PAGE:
seeming at their most obdurately apart. I do mean by this style something distinctive of
Avaghoa, one distinctively well suited to express ruin, to write about ruin ruinously well, (such
that his scenes of ruin crowd-out our memory for his seeming subject, the heroic victory over
distress, and the pleasures in freedom to which his heroes win through), but I mean something
also more difficult to receive today: a way of talking about pleasure in union, pleasurably, that
nevertheless seamlessly writes-in to such a description ruin, particularly the act of giving way
before the fall.7 This is a feature a reader with the qualities of loving, pedantic attention more akin
to that of the gardener or naturalist, rather than the trailblazer, is more likely to see. One wants the
surgical hands of a grammarian to peel back the bark and expose the living principle of
Avaghoas verse, without damaging it beyond repair.
discussed by Sanskrit critics, there are other effects in Avaghoa pertinent to his faith and
grammar, effects I discuss at length elsewhere. Chief among these are the ambiguous use of a
common but complex topos (a mirror which is obscured, and into which no one seems to look),
and the exploitation of complex words to sustain ambiguities of plot and mood analogous to the
effects of disjunctive style. It is worth saying that not a few critics have found Avaghoas true
talents in his powers of characterization and plot, and not in his lyricism. I think there is truth in
this, but as this essay attempts to show, there is ultimately no substitute for taking in his verses as
making meaning at every scale of analysis.

My sense of what is important about what I call Avaghoas disjunctive style for his situation
as a Buddhist, if not my awareness for the phenomenon itself, was quickened by Geoffrey Hills
discussion of the style of Donne in his Style and Faith: Essays, (Counterpoint: 2003).
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To be sure, there are many instances of ruin as fall in Avaghoa if we stay just with the images:
leaves, and flowers torn by birds or scattered by winds; beings falling from heaven, and men
walking down stairs, never to be seen again; women, ruined, on hearing news of the departure of
their lovers, or women simply witness to bereavement, and overcome themselves. And to be sure,
with such images Avaghoa will illustrate A Literary History of Ruin as surely as some of his
definitive scenes were once used to illustrate halls in the caves of Ajanta: the Buddha leaving
wife and child behind, and beautiful Nanda, leaving his wife to suffer ruin in separation, a portrait
whose literary form is more devastating than the poignancy evoked in paint on a wall.

Ajanta Complex, Cave 16, Left Wall, Detail: The Dying Princess. (Farther to the right, is a frieze
depicting the Conversion of Nanda.)

For there are few writers, even at the level of image alone, who offer us portraits of ruin in both
etymological senses. But the important thing is not the image alone, but that there are fewer still
who offer such portraits through the expressive powers in the minutiae of style, where even the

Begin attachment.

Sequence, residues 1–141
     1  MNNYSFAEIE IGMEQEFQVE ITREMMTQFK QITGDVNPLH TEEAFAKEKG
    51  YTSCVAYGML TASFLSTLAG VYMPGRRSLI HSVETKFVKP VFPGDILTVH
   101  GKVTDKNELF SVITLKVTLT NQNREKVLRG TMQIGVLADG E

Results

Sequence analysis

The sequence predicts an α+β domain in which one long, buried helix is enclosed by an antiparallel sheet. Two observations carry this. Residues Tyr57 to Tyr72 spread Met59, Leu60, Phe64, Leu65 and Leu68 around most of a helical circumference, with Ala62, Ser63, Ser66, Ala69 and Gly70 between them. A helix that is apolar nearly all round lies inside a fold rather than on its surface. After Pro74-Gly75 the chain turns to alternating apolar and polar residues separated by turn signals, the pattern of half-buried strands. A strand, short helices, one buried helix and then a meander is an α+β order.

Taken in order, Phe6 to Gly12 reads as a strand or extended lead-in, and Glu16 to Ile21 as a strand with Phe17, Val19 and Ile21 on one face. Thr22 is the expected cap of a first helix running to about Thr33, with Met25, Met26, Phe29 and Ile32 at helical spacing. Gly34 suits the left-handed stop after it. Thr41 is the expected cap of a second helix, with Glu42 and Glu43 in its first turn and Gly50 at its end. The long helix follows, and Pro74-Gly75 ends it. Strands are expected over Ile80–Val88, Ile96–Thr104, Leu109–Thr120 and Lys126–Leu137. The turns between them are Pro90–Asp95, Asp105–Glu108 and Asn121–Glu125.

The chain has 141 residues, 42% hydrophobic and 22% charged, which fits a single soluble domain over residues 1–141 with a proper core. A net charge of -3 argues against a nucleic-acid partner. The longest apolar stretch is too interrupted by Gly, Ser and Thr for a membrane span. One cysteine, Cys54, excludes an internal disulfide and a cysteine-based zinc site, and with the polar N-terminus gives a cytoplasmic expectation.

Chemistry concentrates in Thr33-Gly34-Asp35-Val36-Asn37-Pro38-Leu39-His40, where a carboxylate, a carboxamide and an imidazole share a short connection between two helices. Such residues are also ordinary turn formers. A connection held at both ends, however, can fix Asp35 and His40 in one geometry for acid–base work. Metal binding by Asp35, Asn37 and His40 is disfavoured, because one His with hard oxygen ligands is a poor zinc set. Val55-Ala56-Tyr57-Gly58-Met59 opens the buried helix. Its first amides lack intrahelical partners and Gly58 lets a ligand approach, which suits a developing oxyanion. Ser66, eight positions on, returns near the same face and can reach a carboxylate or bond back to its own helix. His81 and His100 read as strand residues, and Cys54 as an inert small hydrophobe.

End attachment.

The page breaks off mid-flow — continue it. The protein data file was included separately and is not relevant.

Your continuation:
difference in the phonetic texture of their lines makes meaning of slight differences. To secure
Avaghoa a place in the book of ruin on the basis of his memorable images alone would be a
Pyrrhic victory.
Perhaps it helps to avoid speaking about the forest or trees, and to begin considering style by
considering how far the image alone will take us. Avaghoa is remembered most prominently
today for his figuration of ruin as a catastrophic fall from heights, and not so much the giving way
before the fall. Here is the Buddha, reflecting on the inevitable ruin of beings in heaven as he
awakens to the kinds of ruin of beings in time:

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And how they fall from heaven

Even now they have not had enough of these fields of sense. The spindrift gaze, the
blasted brilliance these lovers wretched even as their garlands fade. Apsaras look on
the fall: some grabbing on to the shirts their lovers wear. Some look as if they might fall
themselves, their pearls swaying, holding on as best they can. Some look on with
unsteady eyes
So the shining beings fall from paradise, screaming:
The grove of Caitraratha! The Heavenly Lake! Mandkin O Beloved!8
This is a passage whose sense of ruin requires little commentary in order to be grasped. And it
proved a gripping image in Sanskrit, though not unambiguously so. In some Buddhist texts, this
scene has occasioned a burlesque sensibility. And it is easy to see why: the gods, and their
companions, are in a sense pathetic, true, but also bathetic in their ignorance of inevitability. To
see what some Buddhist writers and readers have seen in it, all one has to do is postulate a person
who is not falling, but miming his inevitable fall, thrashing on the ground:
Now there was a divine being destined to fall, rolling about on the ground. As he rolled
around and about, he lamented mournfully: Ah Mandkin River! Ah lotus pond! Ah
water tank! Ah Caitraratha Grove! Ah Pruyaka Grove! Ah Nandana Grove! Ah
Miraka Grove! Ah Priytraka Grove! Ah Pukambala Rock! Ah divine assembly
hall! Ah Sudarana!9